-- may historic Assyrian/Christian towns be officially recognised and protected,
-- may the campaign to alter the demography of the Nineveh Plain be stopped, and
-- may the indigenous Assyrians be granted the right to govern and police themselves.

* bless and sustain Iraq's pastors, priests, nuns and other Christian workers as they risk their lives and struggle against overwhelming odds to rebuild and maintain the Christian presence in Iraq; may spiritual unity blossom across ethnic and denominational lines.

The Lord Almighty will bless them, saying, “Blessed be Egypt my people, Assyria my handiwork, and Israel my inheritance.” (Isaiah 19:25 NIV)

* bless and sustain his precious Church across Mesopotamia (Syria-Iraq / the Fertile Crescent); may the Lord bring physical, emotional and spiritual healing to all who have been profoundly shattered, fundamentally distracted and spiritually challenged by violence, displacement and betrayal.


SUMMARY FOR BULLETINS UNABLE TO RUN THE WHOLE ARTICLE 
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IRAQ: FROM NATION TO DECIMATION TO ELIMINATION

Some 17,000 Islamic State (IS/ISIS) fighters are believed to be consolidating in Iraq, where IS attacks are increasing in frequency and sophistication. But their return is not the only threat facing Iraq's remnant Christians, most of whom belong to the long-persecuted Assyrian nation, whose historic heartland is in northern Iraq's Nineveh Plain. Baghdad and Tehran are currently struggling against the Kurds for control of the north's 'Disputed Territories', which includes the Assyrian heartland. To that end, Baghdad and Tehran are apparently using the Shabak -- a distinct ethnic group who are nominally Shi'ite -- as their proxy against the Kurds in Nineveh. The Shabak are working to seize Assyrian lands, drive the Christians out, prevent their return and replace them with Shabak, seemingly with Baghdad's approval. Please pray for Iraq's Christians.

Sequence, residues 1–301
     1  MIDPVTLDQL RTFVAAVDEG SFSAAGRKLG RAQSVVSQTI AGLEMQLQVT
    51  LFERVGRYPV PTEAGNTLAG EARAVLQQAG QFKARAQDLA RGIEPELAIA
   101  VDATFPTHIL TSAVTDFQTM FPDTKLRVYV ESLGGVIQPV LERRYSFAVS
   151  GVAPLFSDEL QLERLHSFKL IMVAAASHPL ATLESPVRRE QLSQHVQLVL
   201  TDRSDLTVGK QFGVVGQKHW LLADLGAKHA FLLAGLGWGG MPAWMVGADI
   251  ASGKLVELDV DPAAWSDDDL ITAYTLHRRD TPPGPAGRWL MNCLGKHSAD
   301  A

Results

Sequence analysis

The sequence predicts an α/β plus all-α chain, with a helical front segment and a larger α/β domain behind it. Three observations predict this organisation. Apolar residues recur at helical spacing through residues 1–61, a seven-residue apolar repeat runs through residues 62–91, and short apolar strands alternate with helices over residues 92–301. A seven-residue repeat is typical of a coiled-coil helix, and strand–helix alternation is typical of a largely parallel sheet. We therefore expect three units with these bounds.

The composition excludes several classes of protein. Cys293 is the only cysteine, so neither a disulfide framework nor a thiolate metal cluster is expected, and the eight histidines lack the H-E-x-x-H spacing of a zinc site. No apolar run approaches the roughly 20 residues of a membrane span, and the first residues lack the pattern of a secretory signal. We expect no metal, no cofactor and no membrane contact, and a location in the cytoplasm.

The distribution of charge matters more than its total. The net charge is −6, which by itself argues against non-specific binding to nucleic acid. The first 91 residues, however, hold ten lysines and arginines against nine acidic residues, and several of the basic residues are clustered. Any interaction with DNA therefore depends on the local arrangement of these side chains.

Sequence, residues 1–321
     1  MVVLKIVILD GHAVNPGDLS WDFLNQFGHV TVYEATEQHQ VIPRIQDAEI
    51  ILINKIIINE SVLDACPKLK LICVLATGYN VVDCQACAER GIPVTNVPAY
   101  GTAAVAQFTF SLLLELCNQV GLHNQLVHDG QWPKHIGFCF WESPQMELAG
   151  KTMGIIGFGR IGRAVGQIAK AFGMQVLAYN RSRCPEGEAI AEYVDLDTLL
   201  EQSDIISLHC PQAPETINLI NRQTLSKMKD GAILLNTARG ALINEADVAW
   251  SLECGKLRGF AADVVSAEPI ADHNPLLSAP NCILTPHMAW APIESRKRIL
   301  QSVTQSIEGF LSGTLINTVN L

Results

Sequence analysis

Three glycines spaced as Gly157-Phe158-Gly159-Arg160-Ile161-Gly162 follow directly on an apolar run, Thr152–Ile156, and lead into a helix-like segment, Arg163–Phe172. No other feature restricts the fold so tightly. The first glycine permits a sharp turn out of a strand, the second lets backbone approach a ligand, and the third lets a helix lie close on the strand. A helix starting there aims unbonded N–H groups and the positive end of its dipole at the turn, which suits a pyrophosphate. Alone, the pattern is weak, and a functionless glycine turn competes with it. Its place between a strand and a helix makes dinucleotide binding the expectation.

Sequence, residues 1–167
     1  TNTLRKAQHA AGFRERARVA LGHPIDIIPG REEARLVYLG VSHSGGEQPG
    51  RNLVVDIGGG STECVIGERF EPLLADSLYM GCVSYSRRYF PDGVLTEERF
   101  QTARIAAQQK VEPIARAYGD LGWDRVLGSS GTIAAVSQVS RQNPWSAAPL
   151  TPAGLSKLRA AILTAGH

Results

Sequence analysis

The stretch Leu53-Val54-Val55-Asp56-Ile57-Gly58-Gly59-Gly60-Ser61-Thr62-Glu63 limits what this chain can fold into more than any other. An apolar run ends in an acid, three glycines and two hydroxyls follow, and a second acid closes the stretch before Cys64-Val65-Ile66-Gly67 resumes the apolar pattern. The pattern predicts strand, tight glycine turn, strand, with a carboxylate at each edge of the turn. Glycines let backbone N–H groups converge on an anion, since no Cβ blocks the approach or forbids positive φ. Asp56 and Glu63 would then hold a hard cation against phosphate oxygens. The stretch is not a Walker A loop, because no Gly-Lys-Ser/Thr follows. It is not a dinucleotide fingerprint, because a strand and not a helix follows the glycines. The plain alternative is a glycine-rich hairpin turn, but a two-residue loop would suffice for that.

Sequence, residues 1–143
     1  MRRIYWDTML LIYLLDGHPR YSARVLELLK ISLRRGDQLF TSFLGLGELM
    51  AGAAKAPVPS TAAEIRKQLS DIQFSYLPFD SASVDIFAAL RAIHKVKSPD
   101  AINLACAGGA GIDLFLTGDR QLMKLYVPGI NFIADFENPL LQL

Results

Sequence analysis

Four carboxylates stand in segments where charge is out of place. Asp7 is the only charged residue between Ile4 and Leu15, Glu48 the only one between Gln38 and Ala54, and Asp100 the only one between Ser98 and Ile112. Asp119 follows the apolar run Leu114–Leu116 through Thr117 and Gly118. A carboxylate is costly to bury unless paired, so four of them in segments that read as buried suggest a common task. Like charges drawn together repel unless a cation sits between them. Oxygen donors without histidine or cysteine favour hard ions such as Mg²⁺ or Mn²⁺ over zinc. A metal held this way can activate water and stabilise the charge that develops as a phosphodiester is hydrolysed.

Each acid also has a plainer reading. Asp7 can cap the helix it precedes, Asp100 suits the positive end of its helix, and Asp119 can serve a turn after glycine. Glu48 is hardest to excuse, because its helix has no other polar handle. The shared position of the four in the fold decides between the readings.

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Elizabeth Kendal is an international religious liberty analyst and advocate. She serves as Director of Advocacy at Canberra-based Christian Faith and Freedom (CFF), and is an Adjunct Research Fellow at the Arthur Jeffery Centre for the Study of Islam at Melbourne School of Theology.

She has authored two books: Turn Back the Battle: Isaiah Speaks to Christians Today (Deror Books, Melbourne, Australia, Dec 2012) which offers a Biblical response to persecution and existential threat; and After Saturday Comes Sunday: Understanding the Christian Crisis in the Middle East (Wipf and Stock, Eugene, OR, USA, June 2016).

See www.ElizabethKendal.com